Pittsburgh had won this division a year earlier and would make the playoffs again in ’93. So the first matchup with the Steelers got the Sunday Night stage, a couple days after Thanksgiving. Fuller put on a show and picked up four sacks. Jeffires caught seven passes for 139 yards. The Oilers rolled, 23-3.
Then they came home to face Atlanta. The Falcons weren’t very good, but they were coached by Jerry Glanville, who had guided the Oilers to their playoff trips in 1987, 1988 and 1989 before being replaced by Jack Pardee. Ryan’s defense intercepted six passes and turned a 14-6 third quarter deficit into a 33-17 win.
Houston was riding high at 9-4. Their ability to run the ball and play defense was getting noticed nationally. They were a game up on Pittsburgh in the AFC Central and already had control of the tiebreaker, even if they were to lose the second game with the Steelers in two weeks.
With Brown surging, the Oilers didn’t look like they could lose. He went for 109 yards in a 19-17 win over Cleveland, who was making great strides under Bill Belichick and would get into the playoffs a year later. Houston had the chance to clinch when they went to Pittsburgh.
Brown showed he could also catch the football, bringing in a 38-yard TD pass from Moon. Safety Bo Orlando came up with a Pick-6 and the Oilers had a quick 14-0 lead. It was 23-3 by the third quarter and with Brown delivering another 100-yard game, Houston salted away the AFC Central title with a 26-17 win.
Now it was time to focus on getting one of the two first-round byes and, hopefully, the 1-seed in the AFC bracket. The Oilers, along with the Chiefs and Bills were 10-4. Houston had the tiebreaker on KC, did not with Buffalo, but in the event of a three-way tie, Houston would end up on the top line thanks to their conference record.
On Christmas Night, they went to San Francisco. The 49ers had an explosive offense led by Steve Young and were bound for the NFC Championship Game. In this high-profile spot, the Oilers showed how far they had come. Brown rushed for 114 yards. The defense was dominant. Houston won 10-7. A defensive-oriented game on the road was exactly the kind of game that had typically been their vulnerability. Winning it seemed to send a message on who the team to beat in the AFC was.
But the Oilers didn’t control their fate, and when Kansas City lost the next day, it reduced the top of the AFC to Houston and Buffalo at 11-4. That Monday Night debacle from October would be the difference for the 1-seed and the Bills wrapped it up on the early TV window in the final week.
The Oilers were locked into the 2-seed when they took the field Sunday Night against the Jets. It was not a game that had playoff implications and in our own day, would have been flexed out of the prime-time spot. Which would have denied America some considerable entertainment.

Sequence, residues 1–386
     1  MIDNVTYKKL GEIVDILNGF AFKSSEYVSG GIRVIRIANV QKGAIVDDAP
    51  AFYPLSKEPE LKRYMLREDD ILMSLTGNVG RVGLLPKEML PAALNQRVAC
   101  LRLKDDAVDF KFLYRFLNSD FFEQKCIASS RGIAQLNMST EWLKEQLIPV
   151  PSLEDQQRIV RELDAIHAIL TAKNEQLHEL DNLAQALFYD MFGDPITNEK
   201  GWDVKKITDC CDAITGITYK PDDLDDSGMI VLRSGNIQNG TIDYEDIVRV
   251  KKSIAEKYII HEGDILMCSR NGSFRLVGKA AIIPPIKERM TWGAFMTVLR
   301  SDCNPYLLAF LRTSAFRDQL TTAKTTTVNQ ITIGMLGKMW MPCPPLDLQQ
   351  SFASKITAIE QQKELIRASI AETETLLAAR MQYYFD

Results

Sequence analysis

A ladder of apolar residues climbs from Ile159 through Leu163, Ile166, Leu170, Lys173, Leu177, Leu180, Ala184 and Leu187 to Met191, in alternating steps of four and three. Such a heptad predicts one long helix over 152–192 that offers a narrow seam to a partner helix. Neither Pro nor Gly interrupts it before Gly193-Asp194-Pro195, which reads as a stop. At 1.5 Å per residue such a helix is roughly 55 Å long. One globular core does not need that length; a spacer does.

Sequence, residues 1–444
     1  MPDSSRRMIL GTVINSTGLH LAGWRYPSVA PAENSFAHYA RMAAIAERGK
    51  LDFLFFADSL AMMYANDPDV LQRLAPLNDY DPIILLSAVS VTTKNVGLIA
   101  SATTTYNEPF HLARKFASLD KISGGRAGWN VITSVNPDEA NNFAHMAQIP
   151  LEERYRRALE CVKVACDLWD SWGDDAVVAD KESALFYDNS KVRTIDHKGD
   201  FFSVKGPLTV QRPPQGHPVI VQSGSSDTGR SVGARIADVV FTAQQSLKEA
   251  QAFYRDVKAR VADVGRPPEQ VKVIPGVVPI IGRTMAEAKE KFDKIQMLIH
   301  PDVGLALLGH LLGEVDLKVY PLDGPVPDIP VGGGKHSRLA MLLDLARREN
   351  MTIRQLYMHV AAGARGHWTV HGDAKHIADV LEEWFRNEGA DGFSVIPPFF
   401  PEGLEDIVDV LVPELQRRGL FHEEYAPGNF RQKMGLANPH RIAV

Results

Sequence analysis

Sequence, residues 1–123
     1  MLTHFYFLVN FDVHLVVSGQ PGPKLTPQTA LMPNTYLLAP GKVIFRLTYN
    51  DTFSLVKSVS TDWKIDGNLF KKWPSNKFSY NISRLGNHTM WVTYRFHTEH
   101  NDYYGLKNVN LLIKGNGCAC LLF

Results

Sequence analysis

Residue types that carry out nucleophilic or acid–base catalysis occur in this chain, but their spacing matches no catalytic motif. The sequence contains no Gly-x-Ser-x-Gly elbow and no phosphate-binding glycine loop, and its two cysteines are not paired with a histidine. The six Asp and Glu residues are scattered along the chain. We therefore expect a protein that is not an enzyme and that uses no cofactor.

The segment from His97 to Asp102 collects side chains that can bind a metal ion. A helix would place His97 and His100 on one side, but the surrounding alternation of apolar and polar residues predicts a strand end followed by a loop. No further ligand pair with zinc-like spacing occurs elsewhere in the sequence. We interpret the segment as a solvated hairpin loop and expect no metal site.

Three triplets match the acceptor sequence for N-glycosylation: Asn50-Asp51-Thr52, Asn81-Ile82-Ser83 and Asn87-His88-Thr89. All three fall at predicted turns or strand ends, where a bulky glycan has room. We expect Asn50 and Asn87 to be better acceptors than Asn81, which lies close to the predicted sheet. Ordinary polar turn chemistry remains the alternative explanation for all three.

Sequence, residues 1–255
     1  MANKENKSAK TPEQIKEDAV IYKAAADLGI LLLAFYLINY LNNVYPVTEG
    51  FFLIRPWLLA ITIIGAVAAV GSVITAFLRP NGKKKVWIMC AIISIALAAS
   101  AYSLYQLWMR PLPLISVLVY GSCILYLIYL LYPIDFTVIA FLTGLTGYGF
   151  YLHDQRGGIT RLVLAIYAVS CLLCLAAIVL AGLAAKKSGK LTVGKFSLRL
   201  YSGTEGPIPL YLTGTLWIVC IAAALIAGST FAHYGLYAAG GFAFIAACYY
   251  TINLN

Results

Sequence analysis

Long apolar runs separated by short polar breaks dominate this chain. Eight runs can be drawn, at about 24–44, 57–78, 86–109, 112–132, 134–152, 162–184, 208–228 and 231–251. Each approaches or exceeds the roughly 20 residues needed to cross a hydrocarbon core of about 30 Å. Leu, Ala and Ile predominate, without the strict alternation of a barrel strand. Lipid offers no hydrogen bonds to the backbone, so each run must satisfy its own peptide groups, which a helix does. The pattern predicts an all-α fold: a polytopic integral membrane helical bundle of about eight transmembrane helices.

Not because it was a noteworthy game. Even with Moon and Brown sitting out, the Oilers got three sacks from Childress, dominated on defense and won 24-0. No, what was most entertaining is that the internal tension between Ryan and offensive coordinator Kevin Gilbride boiled over. What makes me say that? How about the fact that, on national television, Ryan threw a punch at Gilbride.
Even allowing the obvious dislike between the coaches, and even allowing that Buffalo was the 1-seed and three-time defending AFC champs, Houston still looked like the team to beat. Dallas, the defending Super Bowl champ and NFC 1-seed was the odds-on favorite to win it all, but this had the feel of a Lone Star State Super Bowl ahead.
After a week off, the Oilers hosted the Chiefs in the late Sunday afternoon window on Divisional Round Weekend. Montana was healthy, but for three quarters, Ryan’s defense continued to stay in control. With Moon on his way to a 32/43 for 306 yards performance, Houston led 10-0 at the half and 13-7 after three quarters.
But the offensive line was not able to keep control of the line of scrimmage. Brown was held to 17 yards. Gilbride only gave him the ball 11 times. With the season on the line, Houston was reverting to their complete dependence on Moon. And they paid the price for it. The quarterback was sacked nine times. The result was another collapse. Montana led KC to three fourth-quarter touchdowns and sent Houston packing with a 28-20 loss.
This is a franchise that endured its share of playoff disappointments—blown fourth-quarter leads against Pittsburgh in 1989 and Denver in 1991 also marked the recent landscape. This one, coming on top of the ’92 disaster in Buffalo, was the final blow.
With so many key players over the age of 30, it was time to rebuild. Moon was traded to Minnesota in the offseason. Munchak retired. And the Oilers completely collapsed in 1994. By the time the franchise started to be competitive again in the latter part of the decade, they had relocated to Tennessee. The city of Houston waited until 2002 to get pro football back. They’re still waiting for that first Super Bowl trip ever, and the first AFC Championship Game appearance since 1979.